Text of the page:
Situated within the Potaro-Siparuni Region of Guyana, Kaieteur National Park lies right at the heart of the Guiana Shield. The area encompasses expansive table-top mountains, which are some of the Earth’s oldest rock formations. In this article, we look at the region’s unique geology, rich biodiversity, and Amerindian legends surrounding Kaieteur National Park.
The Kaieteur National Park Act was passed in 1929 to protect its natural beauty.
Implemented by the Kaieteur National Park Commission, the legislation today covers a 242-square-mile region featuring numerous landmarks of outstanding natural beauty, such as Kaieteur Falls.
Kaieteur Falls is one of the park’s most important sites.
First reported by British geologists Barrington Brown and James Sawkins in the late 1880s, Kaieteur Falls is the park’s most visited attraction. Located where Mount Roraima and the lowlands collide, the 781-foot-tall Kaieteur Falls is the world’s largest single-drop waterfall by volume of water.
Kaieteur Falls was named in honor of Old Kai.
Old Kai was a wise Amerindian chief and a mentor of his people. According to legend, Kai’s people were repeatedly subjected to raids and tormented by an enemy tribe. In his search for a solution to the issue, Old Kai consulted with the Great Spirit, Makonaima, who told him that to resolve the situation, it would require a personal sacrifice. According to legend, Old Kai paddled his canoe over the waterfall in the ultimate act of heroism, reportedly saving his people, who dedicated the falls to his memory.
Kaieteur Falls is home to the Makonaima bird.
Known locally as Kaieteur swifts, these birds nest in the cliffs of the waterfall, diving directly through the waters at dusk every night.
The region is also home to Chenau, or “mountain chickens,” which are actually giant frogs found in abundance from May to June every year. Kaieteur National Park is also inhabited by the electric blue tarantula and the giant river otter.
The Patamona people are the self-proclaimed guardians of Kaieteur Falls.
The Patamona are an intensely spiritual people, embodying the true essence of Guyana’s ecotourism sector, conserving their cultural heritage and protecting their ancestral lands through a community-operated, sustainable enterprise.
Mount Roraima is located within Kaieteur National Park.
Nicknamed the “floating island,” Mount Roraima is so unique that scientists are still trying to understand its delicate ecosystem.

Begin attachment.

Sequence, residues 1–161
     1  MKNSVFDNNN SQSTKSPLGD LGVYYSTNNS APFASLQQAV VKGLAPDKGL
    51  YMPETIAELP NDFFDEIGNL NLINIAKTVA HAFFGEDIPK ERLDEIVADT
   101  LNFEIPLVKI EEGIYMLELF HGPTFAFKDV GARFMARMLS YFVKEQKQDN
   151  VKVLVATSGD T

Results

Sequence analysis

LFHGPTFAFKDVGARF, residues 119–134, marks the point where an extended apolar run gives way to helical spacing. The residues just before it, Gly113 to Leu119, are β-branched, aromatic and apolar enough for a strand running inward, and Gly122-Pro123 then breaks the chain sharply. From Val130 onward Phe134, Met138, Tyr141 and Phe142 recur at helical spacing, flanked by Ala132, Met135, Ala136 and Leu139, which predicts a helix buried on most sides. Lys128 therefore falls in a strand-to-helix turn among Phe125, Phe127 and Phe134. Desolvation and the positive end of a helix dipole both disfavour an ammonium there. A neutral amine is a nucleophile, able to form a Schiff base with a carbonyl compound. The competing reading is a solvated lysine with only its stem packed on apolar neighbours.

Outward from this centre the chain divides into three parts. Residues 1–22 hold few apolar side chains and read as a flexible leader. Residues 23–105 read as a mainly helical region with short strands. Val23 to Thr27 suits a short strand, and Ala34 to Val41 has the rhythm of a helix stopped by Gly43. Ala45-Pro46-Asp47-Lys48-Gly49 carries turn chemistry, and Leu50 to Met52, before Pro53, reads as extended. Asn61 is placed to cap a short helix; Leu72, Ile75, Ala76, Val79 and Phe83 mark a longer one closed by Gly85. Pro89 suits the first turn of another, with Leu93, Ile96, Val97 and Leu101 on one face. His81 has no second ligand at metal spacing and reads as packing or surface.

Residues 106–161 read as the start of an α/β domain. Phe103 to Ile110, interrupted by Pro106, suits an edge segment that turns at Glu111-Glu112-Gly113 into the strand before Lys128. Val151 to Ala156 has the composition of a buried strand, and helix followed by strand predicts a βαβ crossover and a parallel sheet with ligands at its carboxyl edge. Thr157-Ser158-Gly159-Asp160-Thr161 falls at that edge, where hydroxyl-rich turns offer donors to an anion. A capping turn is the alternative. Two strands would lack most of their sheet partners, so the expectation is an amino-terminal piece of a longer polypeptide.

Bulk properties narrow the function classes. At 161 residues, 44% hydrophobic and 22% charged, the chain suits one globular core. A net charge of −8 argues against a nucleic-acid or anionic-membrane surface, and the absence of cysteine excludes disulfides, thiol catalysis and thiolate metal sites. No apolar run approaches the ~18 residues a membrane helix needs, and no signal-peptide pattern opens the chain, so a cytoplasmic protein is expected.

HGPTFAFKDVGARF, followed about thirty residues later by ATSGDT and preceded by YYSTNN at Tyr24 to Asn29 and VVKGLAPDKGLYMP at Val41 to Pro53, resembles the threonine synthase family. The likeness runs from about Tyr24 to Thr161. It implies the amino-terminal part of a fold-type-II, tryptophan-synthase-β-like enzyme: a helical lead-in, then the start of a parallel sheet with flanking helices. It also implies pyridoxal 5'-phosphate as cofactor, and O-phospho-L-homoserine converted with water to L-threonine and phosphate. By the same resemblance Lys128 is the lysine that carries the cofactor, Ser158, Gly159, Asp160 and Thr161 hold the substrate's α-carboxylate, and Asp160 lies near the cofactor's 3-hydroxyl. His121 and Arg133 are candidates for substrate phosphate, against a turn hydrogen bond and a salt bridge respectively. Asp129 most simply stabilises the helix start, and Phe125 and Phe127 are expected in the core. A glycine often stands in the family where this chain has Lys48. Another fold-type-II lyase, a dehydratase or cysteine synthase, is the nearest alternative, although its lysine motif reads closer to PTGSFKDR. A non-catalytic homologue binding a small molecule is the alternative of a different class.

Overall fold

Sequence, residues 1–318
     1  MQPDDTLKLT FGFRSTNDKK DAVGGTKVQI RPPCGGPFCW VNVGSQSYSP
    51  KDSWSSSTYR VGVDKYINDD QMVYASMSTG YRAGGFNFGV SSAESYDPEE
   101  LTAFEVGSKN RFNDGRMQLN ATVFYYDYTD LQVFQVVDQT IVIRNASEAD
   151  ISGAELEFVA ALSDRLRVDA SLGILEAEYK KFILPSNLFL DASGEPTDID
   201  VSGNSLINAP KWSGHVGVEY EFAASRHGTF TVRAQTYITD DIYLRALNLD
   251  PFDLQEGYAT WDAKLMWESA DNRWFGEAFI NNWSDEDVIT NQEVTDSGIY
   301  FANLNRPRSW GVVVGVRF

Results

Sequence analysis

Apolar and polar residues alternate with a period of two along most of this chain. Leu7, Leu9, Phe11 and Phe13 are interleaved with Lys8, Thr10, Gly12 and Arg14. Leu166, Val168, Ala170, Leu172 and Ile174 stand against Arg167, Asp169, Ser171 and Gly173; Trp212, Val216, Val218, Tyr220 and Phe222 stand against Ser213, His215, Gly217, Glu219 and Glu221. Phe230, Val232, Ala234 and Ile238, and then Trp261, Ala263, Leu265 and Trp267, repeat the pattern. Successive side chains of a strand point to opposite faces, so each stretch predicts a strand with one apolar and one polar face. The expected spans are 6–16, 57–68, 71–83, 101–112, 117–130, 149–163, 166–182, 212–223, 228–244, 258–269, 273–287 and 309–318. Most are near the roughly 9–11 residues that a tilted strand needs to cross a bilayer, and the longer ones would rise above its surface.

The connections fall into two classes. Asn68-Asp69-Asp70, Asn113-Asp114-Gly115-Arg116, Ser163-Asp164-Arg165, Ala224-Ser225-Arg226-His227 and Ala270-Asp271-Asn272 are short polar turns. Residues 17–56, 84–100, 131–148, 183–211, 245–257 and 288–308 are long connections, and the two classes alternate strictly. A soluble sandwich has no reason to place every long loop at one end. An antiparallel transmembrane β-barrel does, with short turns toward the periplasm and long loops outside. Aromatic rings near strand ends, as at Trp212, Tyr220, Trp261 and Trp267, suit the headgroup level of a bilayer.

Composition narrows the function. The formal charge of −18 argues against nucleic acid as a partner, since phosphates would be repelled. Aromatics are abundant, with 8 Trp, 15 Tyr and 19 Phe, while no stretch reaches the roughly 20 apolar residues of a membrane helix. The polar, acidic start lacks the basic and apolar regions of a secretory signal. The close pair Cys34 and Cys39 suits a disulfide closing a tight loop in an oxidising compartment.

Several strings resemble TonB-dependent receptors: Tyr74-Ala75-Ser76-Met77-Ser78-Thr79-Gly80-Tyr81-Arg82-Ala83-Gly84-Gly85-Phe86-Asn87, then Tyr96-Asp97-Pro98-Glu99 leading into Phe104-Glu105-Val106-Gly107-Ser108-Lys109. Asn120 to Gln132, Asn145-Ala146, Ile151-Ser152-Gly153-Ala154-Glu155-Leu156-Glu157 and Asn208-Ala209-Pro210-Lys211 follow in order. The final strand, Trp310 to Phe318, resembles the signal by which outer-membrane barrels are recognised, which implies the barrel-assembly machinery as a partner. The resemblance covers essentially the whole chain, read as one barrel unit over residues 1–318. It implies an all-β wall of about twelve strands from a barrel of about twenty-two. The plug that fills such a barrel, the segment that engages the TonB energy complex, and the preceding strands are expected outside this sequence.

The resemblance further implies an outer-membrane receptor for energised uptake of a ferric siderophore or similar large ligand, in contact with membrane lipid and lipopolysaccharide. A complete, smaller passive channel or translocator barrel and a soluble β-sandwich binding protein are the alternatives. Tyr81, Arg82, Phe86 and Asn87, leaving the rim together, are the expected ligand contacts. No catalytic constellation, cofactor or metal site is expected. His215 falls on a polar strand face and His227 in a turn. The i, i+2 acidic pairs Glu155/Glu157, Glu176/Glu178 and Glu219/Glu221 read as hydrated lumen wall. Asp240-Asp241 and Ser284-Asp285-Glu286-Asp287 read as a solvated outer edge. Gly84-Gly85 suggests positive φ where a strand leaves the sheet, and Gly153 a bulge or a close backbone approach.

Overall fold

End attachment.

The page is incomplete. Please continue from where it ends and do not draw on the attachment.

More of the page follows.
From first glance, the difference between Mount Roraima and most other mountains is striking. With all four sides of the mountain forming sheer cliffs approximately 400 meters tall, Mount Roraima’s flat summit makes it appear like a giant tabletop.
This curious geological formation is one of the world’s oldest mountain plateaus. Unlike most traditional mountain ranges, which are usually created by two continental plates colliding together, geologists believe that Mount Roraima was formed around 2 billion years ago, when sand formed on the bottom of an ancient ocean, eventually turning into rock. For context, the Earth itself is around 4.5 billion years old and Mount Everest was formed about 60 million years ago.
Sir Arthur Conan Doyle’s novel, The Lost World, is set on Mount Roraima.
The novel is about an expedition to the plateau, where explorers find many ancient species still alive in isolation. Many curious creatures call Mount Roraima home, but no one is really sure how they got there. It is unclear whether they evolved from other species over the centuries, or whether they traveled there somehow.
Thirty-five percent of species that live on Mount Roraima are endemic, including the pitcher plant. The pitcher plant is a carnivorous plant that features a characteristic pitfall trap: a deep, fluted cavity filled with digestive liquid with which it traps its prey.
In 2017 dozens of new animal species were discovered in the Upper Potaro region.
A team of intrepid researchers conducted a month-long expedition in Kaieteur National Park and the surrounding area. New species identified as a result of the expedition included 15 types of aquatic beetle, six species of fish, five odonates (flying insects), and three new plant species. The team also recorded several species that had never before been observed in the region.
The Kaieteur Plateau is an important habitat for a wide variety of animal life.
This unique ecosystem supports numerous rare and endangered species, including the golden rocket frog, jaguar, white-lipped peccary, Guianan cock-of-the-rock, and tepui swift.
In fact, more than 50 percent of Guyana’s bird species, 43 percent of its amphibians, 40 percent of its odonates, and 30 percent of the country’s mammal species inhabit the Upper Potaro region.
GBTI is proud to support Guyana’s thriving ecotourism industry.
As Guyana’s oldest bank, GBTI is uniquely placed to provide technical and financial support for local and community-based ecotourism enterprises throughout Guyana.
In 2014 GBTI entered into a GY$60 million agreement with the Guyanese government and Conservation International to launch the Rupununi Innovation Fund. The venture provides support to tourism and agriculture-based enterprises, facilitating their participation in Guyana’s Low Carbon Development Strategy, which promotes conservation through the use of green energy.